E-Cigarettes

By Wendy Sue Swanson, MD, MBE, FAAP | Grim news out. E-cigarette use in teens has doubled in a year. The CDC reports that 1 in 10 high school students admitted to ever using an e-cigarette in 2012. The rate of use doubled for middle school students as well. Although I’m not surprised, I remember just weeks ago tweeting about my dismay with Jenny McCarthy’s new job– advertising e-cigarettes. I took flak. Some advocates for e-cigs felt I was shortsighted and not valuing the potential benefits of these electronic nicotine-laden vapor tubes. All I could think of was her image, the lure she may create for teens, and the likelihood that teens would peek in on e-cigs with greater fervor. Just a month ago we learned that smokeless tobacco use is steady with teens (5%) and many teens are now turning to novel sources of nicotine (dissolvable tobacco, snuff, snus) in addition to tobacco cigarettes. I consider myself fairly up to date, and until the AAP report came out in August I’d never once heard of snus. You? Some people are wed to the concept that e-cigs may reduce the burden of illness and smoking-related morbidity from tobacco cigarettes. Even if you believe in harm-reduction for adults (switching from tobacco cigarettes to e-cigs to reduce use or quit) this is an entirely different issue for our middle and high-school students. A nice summary of the data for e-cigs from pediatrician, Dr Aaron E Carroll, with numerous associated comments helps frame the issue. I wish I could remain agnostic about these devices, but I can’t. This is pretty easy to say: I don’t recommend e-cigarettes for a... read more

Children of Immigrants

Ricky Y. Choi, MD, MPH, FAAP | For many the immigration debate in Washington is more than just a debate. It’s potentially life altering. And while most of the focus has been on beefing up borders and deciding who deserves citizenship, there is one group that does not get enough discussion, children. As a pediatrician for many immigrant families and as a child of immigrants, I know that getting the right reforms is stronger medicine for my patients than anything I could prescribe. One in four children in the United States lives in an immigrant family, so this is not a small group. They are the fastest growing segment of the U.S. population. One day they will grow up to become our nation’s future. So how are we treating them? Frankly, not very well. Children from immigrant families are twice as likely to be uninsured and more likely to live in poverty. In some states, even legal immigrant children must endure waiting periods before they are eligible to access public programs including Medicaid. This means delays in getting needed health care as well as immunizations and care for chronic illnesses. Parent deportation is exacting a heavy toll. It is estimated over 200,000 parents of citizen children have been deported in the past two years. This has been shown to cause anxiety, depression and poor school performance in affected children not to mention adding to a child’s risk to food and housing instability. At a young age this type of stress is physiologically toxic with the potential for lifelong consequences. But it doesn’t have to be this way. The Senate... read more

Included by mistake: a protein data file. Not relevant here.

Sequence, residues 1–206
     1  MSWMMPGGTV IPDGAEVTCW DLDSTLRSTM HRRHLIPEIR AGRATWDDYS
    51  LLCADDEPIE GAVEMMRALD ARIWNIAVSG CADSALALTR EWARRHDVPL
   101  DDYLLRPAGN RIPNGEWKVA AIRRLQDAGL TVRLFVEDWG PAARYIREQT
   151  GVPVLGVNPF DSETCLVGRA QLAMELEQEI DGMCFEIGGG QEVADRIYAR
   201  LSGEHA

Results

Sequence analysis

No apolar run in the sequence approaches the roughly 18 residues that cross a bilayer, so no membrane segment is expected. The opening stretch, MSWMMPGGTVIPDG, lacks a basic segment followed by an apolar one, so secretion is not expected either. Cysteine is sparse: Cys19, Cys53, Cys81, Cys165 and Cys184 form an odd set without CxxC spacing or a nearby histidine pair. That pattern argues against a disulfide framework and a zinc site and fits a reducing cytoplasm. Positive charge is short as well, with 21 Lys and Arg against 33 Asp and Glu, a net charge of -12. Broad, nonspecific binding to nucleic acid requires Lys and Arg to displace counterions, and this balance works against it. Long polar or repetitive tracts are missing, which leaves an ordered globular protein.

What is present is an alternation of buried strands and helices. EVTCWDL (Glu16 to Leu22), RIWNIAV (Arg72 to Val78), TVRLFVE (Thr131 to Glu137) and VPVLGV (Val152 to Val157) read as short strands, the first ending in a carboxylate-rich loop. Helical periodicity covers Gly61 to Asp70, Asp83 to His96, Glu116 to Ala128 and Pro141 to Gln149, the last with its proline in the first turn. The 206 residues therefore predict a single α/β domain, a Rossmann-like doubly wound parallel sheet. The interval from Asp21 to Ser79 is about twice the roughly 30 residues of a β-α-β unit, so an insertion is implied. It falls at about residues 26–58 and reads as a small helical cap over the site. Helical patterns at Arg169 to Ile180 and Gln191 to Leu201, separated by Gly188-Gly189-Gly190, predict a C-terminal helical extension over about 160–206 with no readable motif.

It’s All About the Snacks

By Cara Barone, MD, FAAP | Every day at work as a pediatrician I talk about healthy lifestyle habits.  I never have as much time as I would like for this discussion, but I always make a point to discuss the importance of exercise and nourishing our bodies with wholesome foods.  My goal is to try and motivate children and families to make healthier choices wherever and whenever I can. Children look to their parents as sources of information and inspiration. Modeling a healthy lifestyle as a parent is critical to a solid foundation in their children’s development of their own health habits.  As parents I think we intuitively know this, but it is always important to remind one another of this awesome role in our children’s lives. In the merging of my mom and pediatrician roles, one of my biggest personal struggles so far is the culture of “the sport snack.”  So many of us have children in American Youth Soccer Organization (AYSO), basketball leagues, swim teams, and other team sports which clearly foster much physical and emotional development for our children. We want our children to have a love for exercise and to continue this interest and dedication throughout their lifetimes.  But as my husband says: “It’s all about the snack and uniform” for the majority of young kids. I’m certain there is much truth in his statement. So last year for my first snack duty for my son’s basketball league game I packed water, cheese sticks, and bananas to bring for his teammates. Needless to say, my snack was not met with warm reception from the... read more

Social Media Makes Me A Better Pediatrician

Heidi Román, MD, FAAP | About two years ago I started writing more regularly–reflections on being a new mom, thoughts on my changing perspective as a pediatrician. I kept a notebook that quickly filled with musings that occurred to me during clinic, questions parents asked, things that came up with my son. I realized that a lot of other parents had the same kinds of questions I did. They too were Googling questions and looking for credible sources of information. So, I started actively creating and curating child health information via social media. I’m still a neophyte compared to many online pediatricians that I respect and follow. Nonetheless, I’m a relative veteran compared to most of my colleagues. I’m often asked about how and why I do this. When I answer that I think being online is making me a better pediatrician, I get some curious and quizzical looks. I admit that I didn’t expect it when I started all of this, but being involved in social media is shifting the way I think about medicine and ultimately making me a better doctor. Here’s how. • I write more. I write, on average, a post a week. Writing has made me a better doctor and mom, in many ways. When a parent asks a question on a topic I’ve recently researched and written about I can direct them to useful resources without a moment’s hesitation. And, writing makes me read more too. I now have a set of go-to sources for quality child health information that I am well acquainted with and that I can use quickly in clinic. • I... read more